The story is a simple one, uncomplicated and unfussed. Babette has worked for her sisters all her life. When she wins the lottery, she decides to celebrate by throwing a huge dinner party for all the entire village. Starting from that simple premise the story of Babette, her employers, and the residents of the village are told. We are shown the attitudes, peculiarities and ways of the village folk as they all prepare for Babette's Feast.

Babette was a French chef of the highest calibre, exiled to the Scandinavian coast after the French uprising of 1871. In exile, she proceeded to look after two elderly spinsters. The community revolves around the strict, puritan religious sect (whose members are no longer seeing eye to eye) and the sea, whose violent, dark force casts its shadow over all their lives. For a community used to pickled herring, a 10000 franc gastronomic event to end all gastronomic events comes as a shock. This is where the film really scores. Sumptuous to the eye, it is one of those films that makes you wish for taste-o-rama technology. The portrayal of Babette's preparations for the event and the care she takes in creating the feast, are as gloriously studied as the consumption of the food itself. I wish I was sitting at that table now.

Excerpt from Edinburgh Film Society located HERE

Image :    NOTE: The below Blu-ray captures were taken directly from the Blu-ray disc.

Babette's Feast gets an authentically grainy transfer to Blu-ray from Artificial Eye.  It sneaks into dual-layered territory and has a strong bitrate for the 1 3/4 hour feature. The period piece has many grays and blacks in the art direction. The 1080P supports solid contrast exhibiting decent black levels and film-like richness in the slightly bastardized 1.78:1 frame.  It's very clean showcasing some hi-def detail and there are really no flaws with the rendering. The textures may be heavy for some tastes and there is some noise to content with. This Blu-ray probably looks close to the theatrical version of the film Babette's Feast. Those familiar with the film should appreciate the HD.

Significant differences between the Criterion and the Artificial Eye Blu-rays. The Criterion is in 1.66:1 aspect ratio and shows more information in the frame (notably at the bottom.) Where the AE can look greenish, the Criterion might be more blue. The Criterion skin tones can be much warmer and overall the image is darker. The bitrate is max'ed out on both and while I think they both look very film-like in 1080P, and not knowing which is more theatrically correct, I'd lean to the Criterion simply because of the AR. Comparing the captures, I suppose you can decide for yourself which you prefer.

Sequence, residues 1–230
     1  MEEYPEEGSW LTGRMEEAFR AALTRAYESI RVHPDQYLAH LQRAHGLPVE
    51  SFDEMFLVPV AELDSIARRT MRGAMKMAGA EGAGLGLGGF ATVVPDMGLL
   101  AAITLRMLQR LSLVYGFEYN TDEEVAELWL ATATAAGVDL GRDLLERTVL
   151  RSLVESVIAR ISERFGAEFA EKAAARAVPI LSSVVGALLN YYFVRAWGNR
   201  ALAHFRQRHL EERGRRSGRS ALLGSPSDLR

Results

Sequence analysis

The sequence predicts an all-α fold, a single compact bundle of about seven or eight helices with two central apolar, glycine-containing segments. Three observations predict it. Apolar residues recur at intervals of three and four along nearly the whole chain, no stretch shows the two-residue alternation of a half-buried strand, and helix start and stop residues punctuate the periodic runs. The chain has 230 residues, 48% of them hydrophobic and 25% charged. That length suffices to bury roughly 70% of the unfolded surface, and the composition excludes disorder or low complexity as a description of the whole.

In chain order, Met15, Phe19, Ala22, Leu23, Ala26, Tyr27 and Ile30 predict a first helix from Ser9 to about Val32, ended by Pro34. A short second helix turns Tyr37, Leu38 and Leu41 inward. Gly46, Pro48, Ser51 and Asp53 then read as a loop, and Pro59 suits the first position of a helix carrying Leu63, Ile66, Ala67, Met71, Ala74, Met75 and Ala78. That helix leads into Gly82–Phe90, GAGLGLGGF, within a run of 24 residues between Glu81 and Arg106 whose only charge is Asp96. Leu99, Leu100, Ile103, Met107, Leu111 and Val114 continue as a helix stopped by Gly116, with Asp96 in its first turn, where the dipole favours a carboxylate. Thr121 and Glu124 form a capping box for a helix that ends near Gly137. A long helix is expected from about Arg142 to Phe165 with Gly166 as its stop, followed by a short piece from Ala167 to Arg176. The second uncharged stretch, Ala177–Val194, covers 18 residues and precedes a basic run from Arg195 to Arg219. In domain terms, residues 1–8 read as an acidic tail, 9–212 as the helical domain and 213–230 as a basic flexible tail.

CLICK EACH BLU-RAY CAPTURE TO SEE ALL IMAGES IN FULL 1920X1080 RESOLUTION

 

1) Artificial Eye - Region 'B' - Blu-ray - TOP

2) Criterion - Region 'A' - Blu-ray - BOTTOM

 

 

1) Artificial Eye - Region 'B' - Blu-ray - TOP

2) Criterion - Region 'A' - Blu-ray - BOTTOM

 

 

1) Artificial Eye - Region 'B' - Blu-ray - TOP

2) Criterion - Region 'A' - Blu-ray - BOTTOM

 

 

1) Artificial Eye - Region 'B' - Blu-ray - TOP

2) Criterion - Region 'A' - Blu-ray - BOTTOM

 

 

1) Artificial Eye - Region 'B' - Blu-ray - TOP

2) Criterion - Region 'A' - Blu-ray - BOTTOM

 

 

1) Artificial Eye - Region 'B' - Blu-ray - TOP

2) Criterion - Region 'A' - Blu-ray - BOTTOM

 

 

1) Artificial Eye - Region 'B' - Blu-ray - TOP

2) Criterion - Region 'A' - Blu-ray - BOTTOM

 

 

1) Artificial Eye - Region 'B' - Blu-ray - TOP

2) Criterion - Region 'A' - Blu-ray - BOTTOM

 

 

1) Artificial Eye - Region 'B' - Blu-ray - TOP

2) Criterion - Region 'A' - Blu-ray - BOTTOM

 

 

1) Artificial Eye - Region 'B' - Blu-ray - TOP

2) Criterion - Region 'A' - Blu-ray - BOTTOM

 

 

1) Artificial Eye - Region 'B' - Blu-ray - TOP